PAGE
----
An illustration of high vs low quality samples (Source: SlideShare)

It is important to note that the sample quality is a big factor in judging the quality of a digital piano, as more expensive models will have higher quality samples and/or better ‘sampling technology’ which take up far more space in the instruments internal memory. The sample quality is primarily affected by the data compression being used on the sample files, and to some extent, the microphones and room the instrument was initially recorded in can have an effect.

Used Keyboard Selection

Part 4 – Speakers

So, we can replicate the feel of a real grand piano, and have captured its sound, but then how does do we actually translate this into the sound we hear from a digital piano?

For acoustic pianos, when a string is hit by a hammer, it vibrates, generating sound energy which is reflected inside the instrument, primarily off of a wooden ‘soundboard‘, which resonates in unison with the strings. It is the soundboard which gives acoustic pianos their distinct warm rich sound.

A soundboard from a Yamaha grand piano (Source: Yamaha)

But how does this work in a digital piano? Well, each digital piano model uses a specially designed speaker system to play the stored sample files.

Unlike with normal HiFi speakers, which are designed to play music and audio as close to the source material as possible, digital piano speakers are placed in specific locations, and are ‘tuned’, in order to give the most realistic sound compared to that of an acoustic piano. The N3X is a brilliant visual example of how its speakers are positioned in order to recreate the sound of a grand piano as closely as possible.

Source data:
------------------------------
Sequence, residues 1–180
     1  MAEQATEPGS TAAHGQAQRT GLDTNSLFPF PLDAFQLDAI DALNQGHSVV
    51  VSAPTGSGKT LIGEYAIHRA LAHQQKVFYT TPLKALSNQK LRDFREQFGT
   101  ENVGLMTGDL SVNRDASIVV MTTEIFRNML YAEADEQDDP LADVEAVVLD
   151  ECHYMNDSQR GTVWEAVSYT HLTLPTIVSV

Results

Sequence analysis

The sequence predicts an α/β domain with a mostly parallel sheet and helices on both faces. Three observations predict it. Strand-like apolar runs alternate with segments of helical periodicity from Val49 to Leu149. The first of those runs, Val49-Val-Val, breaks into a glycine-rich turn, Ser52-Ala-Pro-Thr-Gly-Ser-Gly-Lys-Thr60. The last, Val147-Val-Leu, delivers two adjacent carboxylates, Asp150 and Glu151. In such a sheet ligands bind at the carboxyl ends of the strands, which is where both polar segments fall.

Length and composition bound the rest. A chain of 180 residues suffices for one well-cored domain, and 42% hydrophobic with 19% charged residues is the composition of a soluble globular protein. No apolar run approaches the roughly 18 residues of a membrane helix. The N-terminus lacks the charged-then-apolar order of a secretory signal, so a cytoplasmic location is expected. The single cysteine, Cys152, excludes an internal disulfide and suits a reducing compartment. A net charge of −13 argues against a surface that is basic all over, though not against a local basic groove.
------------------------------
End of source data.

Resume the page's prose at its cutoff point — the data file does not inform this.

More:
Where high end HiFi speaker systems are usually designed to have what is referred to as a ‘flat‘ response, digital pianos are designed to have a slightly ‘coloured‘ response, to match the harmonic qualities of an acoustic piano.

The upwards facing speakers on the Yamaha N3X (Source: Yamaha)

Because of this, if you were to plug your digital piano into a pair of professional studio monitor speakers, the samples would sound almost identical to the source recording, but it would not replicate the effect of actually sitting in front of a grand piano and playing it for yourself like the digital piano would.

In Yamaha’s high spec digital piano models, including the CLP775 and CLP785, they have also introduced the use of tactile transducers. These are devices which work similar to speakers, but instead of using a cone or diaphragm to produce sound, they attach directly to one of the panels of the digital piano, causing the entire panel to vibrate, replicating the effect of a soundboard on an acoustic piano.

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I hope you found this blog helpful, take care everyone.

Sam Baldry
Sam divides his time between sales and assisting with stock maintenance and other logistics in our warehouse. He also occasionally writes for the ePianos blog, using his keen interest in engineering to help explain product technology in everyday terms.
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How does a Digital Piano work? – A Beginners Guide